— More Woes for Knoedler: Add the family of California master Richard Diebenkorn to those piling onto the now-shuttered Knoedler & Company for selling fakes. Family members are now accusing the gallery of selling works as part of Diebenkorn's "Ocean Park" series even after the family met with the gallery and expressed doubts: “They didn’t look quite right, and we said, ‘The provenance is wacky and the story behind the provenance makes no sense,’” explained Richard Grant, Diebenkorn's son-in-law and director of his namesake foundation. Knoedler's representatives dispute the account, and say they have proof that the family assented to the attribution. Former MoMA curator John Elderfield, who accompanied the Diebenkorns at the long-ago powwow, is supporting their side of the story. [NYT]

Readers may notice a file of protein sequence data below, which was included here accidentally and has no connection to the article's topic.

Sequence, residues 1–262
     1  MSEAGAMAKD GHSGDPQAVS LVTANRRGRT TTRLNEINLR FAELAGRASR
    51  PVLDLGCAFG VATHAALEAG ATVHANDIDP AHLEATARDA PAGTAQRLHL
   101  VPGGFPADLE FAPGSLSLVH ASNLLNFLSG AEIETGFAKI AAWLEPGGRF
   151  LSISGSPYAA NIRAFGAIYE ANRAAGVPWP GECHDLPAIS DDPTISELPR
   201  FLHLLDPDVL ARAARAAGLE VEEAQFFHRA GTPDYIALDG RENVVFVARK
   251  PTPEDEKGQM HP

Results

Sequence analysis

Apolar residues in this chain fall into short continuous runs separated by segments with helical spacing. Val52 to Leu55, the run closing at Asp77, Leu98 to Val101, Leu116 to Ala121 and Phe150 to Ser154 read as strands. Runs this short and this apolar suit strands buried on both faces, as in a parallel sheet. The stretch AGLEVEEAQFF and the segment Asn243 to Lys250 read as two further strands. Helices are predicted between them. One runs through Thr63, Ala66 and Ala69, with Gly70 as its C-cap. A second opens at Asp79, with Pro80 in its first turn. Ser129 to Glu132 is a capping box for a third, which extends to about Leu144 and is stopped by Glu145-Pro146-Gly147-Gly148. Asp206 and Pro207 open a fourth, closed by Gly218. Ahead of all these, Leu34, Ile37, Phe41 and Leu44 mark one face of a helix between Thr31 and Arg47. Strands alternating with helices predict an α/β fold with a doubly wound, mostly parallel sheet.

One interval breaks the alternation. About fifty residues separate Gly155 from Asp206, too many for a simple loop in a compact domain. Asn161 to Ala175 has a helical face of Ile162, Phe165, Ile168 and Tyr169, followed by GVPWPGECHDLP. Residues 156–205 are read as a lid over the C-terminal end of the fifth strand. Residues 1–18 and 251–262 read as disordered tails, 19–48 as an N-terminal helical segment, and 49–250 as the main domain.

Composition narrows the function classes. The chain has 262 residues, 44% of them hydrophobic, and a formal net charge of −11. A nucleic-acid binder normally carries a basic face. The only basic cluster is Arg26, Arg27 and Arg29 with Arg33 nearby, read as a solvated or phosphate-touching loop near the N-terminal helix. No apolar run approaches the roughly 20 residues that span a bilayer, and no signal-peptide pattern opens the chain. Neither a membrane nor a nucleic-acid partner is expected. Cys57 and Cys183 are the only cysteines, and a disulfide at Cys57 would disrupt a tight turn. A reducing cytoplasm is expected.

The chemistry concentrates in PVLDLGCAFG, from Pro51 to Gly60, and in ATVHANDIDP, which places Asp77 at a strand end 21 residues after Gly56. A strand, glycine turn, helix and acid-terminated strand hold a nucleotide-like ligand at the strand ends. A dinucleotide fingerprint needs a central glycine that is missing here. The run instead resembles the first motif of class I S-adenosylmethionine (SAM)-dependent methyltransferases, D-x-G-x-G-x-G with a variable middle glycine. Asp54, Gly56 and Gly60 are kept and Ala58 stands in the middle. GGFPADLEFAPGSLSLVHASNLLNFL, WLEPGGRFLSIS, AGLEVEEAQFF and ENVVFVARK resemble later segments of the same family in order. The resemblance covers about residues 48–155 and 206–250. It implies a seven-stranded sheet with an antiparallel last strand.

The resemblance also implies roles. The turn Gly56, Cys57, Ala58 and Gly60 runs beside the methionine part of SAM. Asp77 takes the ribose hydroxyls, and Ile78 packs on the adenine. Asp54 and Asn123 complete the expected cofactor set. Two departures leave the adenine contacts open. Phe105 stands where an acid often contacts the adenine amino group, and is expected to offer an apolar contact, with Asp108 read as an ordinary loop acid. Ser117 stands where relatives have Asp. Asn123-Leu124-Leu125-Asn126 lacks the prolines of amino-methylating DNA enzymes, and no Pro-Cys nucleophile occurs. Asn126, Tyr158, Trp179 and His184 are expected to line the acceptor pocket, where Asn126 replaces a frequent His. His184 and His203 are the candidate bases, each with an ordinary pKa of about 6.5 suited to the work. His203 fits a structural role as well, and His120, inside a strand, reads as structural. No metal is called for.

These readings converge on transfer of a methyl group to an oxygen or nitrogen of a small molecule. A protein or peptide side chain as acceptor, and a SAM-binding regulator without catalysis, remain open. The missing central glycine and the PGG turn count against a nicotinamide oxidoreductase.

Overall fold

— The Secret History of "The Scream": The famous Edvard Munch pastel, which sold last week for a record $119.9 million, has a hitherto undisclosed back story. For 17 years, until 2006, the masterpiece quietly rested in the vaults of the National Gallery of Art in Washington, D.C., on loan from owner Petter Olsen, and shown almost exclusively to visiting scholars and students. The museum may have hoped to acquire the piece, either through donation or purchase. It appears they were priced out. [TAN]